By Hannah Neumann
Kingsville senior James Herd, an already published novelist, is using November’s National Novel Writing Month as an opportunity to launch the start of his second book series.
Herd’s first published novel, “I am the Darkness,” is the first book of a planned seven-book series called “The Intermine Legacy,” which he began his sophomore year at Baylor. Herd is now halfway through his second book of the series, which he plans to release between January and March of next year. For this year’s writing month, he will deviate from the series to start on a new one.
According to the National Writing Month organization’s website, the monthlong event values enthusiasm, determination, a deadline and is for anyone who has ever thought fleetingly about writing a novel. On Nov. 1, participants started working toward the goal of writing a novel by the end of the month, using the site to fuel their determination.
The Waco community chapter of National Novel Writing Month, who call themselves the Waco Wrimos, has 586 members each currently working to meet a Nov. 31 deadline for their own novel completion and will participate in events together throughout the next few weeks to review and critique each other’s work. Herd said the challenge is to write 50,000 words for a novel by the end of the month.
“They always say that the goal isn’t necessarily to get a publishable novel in that month, but just to get something done,” Herd said. “As the information age progresses, people are reading less and less, but I have a feeling we can reverse it and make books and creativity a thing again, and I think part of National Novel Writing Month’s goal is supporting that process and that hobby.”
Herd said he encourages anyone who shares his passion to join the National Novel Writing Month community and accept the challenge this month.
“I know a lot of people don’t have the time and it’s not exactly feasible to devote all of your time to writing a novel,” Herd said. “But I still strongly encourage everyone to get involved and with Waco having their own group, people can get in contact with other writers and have that peer system going on. It’s a lot of fun to write something and have someone else critique it. Especially when they really know what they’re talking about.”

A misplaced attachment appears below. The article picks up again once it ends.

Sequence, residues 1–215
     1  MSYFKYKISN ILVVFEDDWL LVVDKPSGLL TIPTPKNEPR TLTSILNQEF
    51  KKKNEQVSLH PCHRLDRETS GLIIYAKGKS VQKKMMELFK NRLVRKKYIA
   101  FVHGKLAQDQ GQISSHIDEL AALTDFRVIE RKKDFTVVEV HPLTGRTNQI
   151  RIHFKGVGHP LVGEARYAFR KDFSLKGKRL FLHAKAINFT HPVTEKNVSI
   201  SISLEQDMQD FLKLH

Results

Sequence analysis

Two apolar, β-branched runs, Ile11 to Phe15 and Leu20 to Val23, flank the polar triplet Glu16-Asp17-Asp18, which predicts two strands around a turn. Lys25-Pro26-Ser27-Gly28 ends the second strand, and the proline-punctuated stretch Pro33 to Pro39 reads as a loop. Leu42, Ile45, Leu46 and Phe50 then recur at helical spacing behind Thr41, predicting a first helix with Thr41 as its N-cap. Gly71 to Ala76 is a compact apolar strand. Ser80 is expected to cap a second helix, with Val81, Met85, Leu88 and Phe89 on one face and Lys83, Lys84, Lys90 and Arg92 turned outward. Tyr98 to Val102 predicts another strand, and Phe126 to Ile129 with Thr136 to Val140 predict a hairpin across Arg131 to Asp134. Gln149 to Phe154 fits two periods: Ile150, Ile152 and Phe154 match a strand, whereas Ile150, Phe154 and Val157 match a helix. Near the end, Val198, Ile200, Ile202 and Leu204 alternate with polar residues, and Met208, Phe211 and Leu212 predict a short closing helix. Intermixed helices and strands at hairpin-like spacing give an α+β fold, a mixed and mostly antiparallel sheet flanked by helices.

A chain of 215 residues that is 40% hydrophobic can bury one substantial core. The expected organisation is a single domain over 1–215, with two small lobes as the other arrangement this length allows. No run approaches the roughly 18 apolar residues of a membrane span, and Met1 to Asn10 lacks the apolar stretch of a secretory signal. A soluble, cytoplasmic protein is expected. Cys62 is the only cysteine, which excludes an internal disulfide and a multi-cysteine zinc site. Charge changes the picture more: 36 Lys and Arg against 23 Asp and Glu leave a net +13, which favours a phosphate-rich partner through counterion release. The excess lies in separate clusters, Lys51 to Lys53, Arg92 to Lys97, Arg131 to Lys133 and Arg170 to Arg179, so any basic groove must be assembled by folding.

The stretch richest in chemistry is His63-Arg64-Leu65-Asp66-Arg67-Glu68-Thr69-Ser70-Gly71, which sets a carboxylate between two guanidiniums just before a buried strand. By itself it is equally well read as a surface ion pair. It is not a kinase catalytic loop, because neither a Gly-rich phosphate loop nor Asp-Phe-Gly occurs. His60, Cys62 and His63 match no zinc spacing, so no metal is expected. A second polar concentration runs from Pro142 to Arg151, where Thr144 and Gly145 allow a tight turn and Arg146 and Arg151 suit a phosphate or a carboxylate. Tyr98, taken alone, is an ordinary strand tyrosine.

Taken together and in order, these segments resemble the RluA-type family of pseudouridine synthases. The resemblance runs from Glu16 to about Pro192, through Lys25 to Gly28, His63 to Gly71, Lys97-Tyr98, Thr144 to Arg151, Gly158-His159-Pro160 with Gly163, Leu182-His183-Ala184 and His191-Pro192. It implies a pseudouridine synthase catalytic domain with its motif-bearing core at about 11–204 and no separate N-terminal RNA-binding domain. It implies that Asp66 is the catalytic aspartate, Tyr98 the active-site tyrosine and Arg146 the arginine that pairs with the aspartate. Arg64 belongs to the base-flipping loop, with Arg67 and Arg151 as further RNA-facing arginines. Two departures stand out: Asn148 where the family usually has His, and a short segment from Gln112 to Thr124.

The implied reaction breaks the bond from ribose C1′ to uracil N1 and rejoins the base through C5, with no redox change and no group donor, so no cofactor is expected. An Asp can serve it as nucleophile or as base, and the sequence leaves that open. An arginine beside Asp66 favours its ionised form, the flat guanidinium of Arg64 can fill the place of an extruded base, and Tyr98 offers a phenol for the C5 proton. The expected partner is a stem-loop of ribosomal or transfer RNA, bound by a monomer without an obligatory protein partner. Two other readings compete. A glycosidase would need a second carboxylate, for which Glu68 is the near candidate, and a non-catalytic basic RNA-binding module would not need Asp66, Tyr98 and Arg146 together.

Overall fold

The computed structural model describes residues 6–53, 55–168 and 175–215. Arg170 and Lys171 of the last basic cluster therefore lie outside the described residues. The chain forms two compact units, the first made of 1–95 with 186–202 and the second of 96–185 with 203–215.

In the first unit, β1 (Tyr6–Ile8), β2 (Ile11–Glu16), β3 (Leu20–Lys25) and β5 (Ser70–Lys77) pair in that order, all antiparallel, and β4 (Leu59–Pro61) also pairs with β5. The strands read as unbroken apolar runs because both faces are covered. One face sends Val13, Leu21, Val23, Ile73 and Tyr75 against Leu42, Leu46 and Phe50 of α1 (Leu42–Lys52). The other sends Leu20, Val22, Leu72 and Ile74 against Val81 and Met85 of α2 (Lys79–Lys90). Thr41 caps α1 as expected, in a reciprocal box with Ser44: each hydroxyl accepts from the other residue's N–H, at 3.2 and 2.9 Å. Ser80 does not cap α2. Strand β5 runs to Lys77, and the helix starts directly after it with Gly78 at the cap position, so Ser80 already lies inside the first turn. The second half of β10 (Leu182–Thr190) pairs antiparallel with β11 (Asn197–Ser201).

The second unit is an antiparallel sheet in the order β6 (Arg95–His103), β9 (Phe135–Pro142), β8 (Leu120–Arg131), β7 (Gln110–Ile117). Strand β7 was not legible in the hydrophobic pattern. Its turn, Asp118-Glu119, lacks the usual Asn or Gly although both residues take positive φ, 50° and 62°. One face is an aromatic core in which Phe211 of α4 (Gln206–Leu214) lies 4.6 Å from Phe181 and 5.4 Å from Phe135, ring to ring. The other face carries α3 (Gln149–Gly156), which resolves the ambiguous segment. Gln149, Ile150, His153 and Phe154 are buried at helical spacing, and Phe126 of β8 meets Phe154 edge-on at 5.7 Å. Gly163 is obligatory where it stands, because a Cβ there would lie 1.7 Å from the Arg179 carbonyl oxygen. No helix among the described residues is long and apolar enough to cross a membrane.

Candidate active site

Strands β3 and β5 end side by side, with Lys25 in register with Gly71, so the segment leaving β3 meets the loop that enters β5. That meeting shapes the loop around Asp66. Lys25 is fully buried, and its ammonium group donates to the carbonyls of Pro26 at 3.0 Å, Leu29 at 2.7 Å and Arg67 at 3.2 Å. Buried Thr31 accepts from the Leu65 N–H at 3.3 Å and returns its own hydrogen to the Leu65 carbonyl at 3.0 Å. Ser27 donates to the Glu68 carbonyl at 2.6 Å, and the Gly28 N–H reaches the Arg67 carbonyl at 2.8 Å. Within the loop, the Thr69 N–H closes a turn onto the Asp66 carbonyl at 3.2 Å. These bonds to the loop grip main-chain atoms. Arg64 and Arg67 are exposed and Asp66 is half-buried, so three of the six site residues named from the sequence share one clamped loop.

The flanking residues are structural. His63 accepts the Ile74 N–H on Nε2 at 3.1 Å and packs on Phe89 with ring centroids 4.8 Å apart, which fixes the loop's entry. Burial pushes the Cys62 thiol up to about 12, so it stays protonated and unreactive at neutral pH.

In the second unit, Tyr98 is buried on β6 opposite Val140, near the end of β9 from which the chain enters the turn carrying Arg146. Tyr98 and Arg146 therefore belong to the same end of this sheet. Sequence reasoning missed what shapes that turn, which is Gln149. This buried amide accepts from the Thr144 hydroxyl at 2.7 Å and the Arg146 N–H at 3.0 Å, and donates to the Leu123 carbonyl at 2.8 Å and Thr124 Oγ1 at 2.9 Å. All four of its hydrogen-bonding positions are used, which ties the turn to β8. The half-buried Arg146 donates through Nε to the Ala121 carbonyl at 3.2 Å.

Baylor alumnus David Umstattd said while of course a person doesn’t have to be part of the National Novel Writing Month community to write a novel, it is a very useful tool for the process.
“The big reason is not only the community aspect but also the establishment,” he said. “It’s almost more of a custom and it makes writing a novel not only more exciting but also easier, psychologically.”
Umstattd also said he attributes a lot of his passion in writing to his time at Baylor, including one of his common subjects, Anime. According to the Animeworld website, Anime is a style of animation originating in Japan that is characterized by stark colorful graphics in action-filled plots often with fantastic or futuristic themes.
“I was exposed to a lot of great writing in my Baylor academic career,” he said. “Aside from my Great Texts courses, which have been really helpful, I found Anime at Baylor, which, over time, I’ve started to consider the greatest literary art form of the modern era.”
For the National Writing Month contest, Herd will write the first book of a new potential series called “From Atop the Tower of Babel.”
“Essentially the idea is that in the near future, America is taken over and reformed into more of a republic of nations that consists of Canada, North America and South America,” he said. “It’s that against Europe and there’s a whole political history plot going on. It’ll be interesting to dabble in this new project.”
Herd said his end goal, whether it be for his first series, the series he is now beginning to create or anything he writes in the future, is to bring his characters to life.
“Whenever I was little, and even to this day, I find that I have the most creative process when I’m alone in my room and in my head I go through these dialogue conversations for characters,” he said. “I feel like I have a duty to make these characters’ stories known.”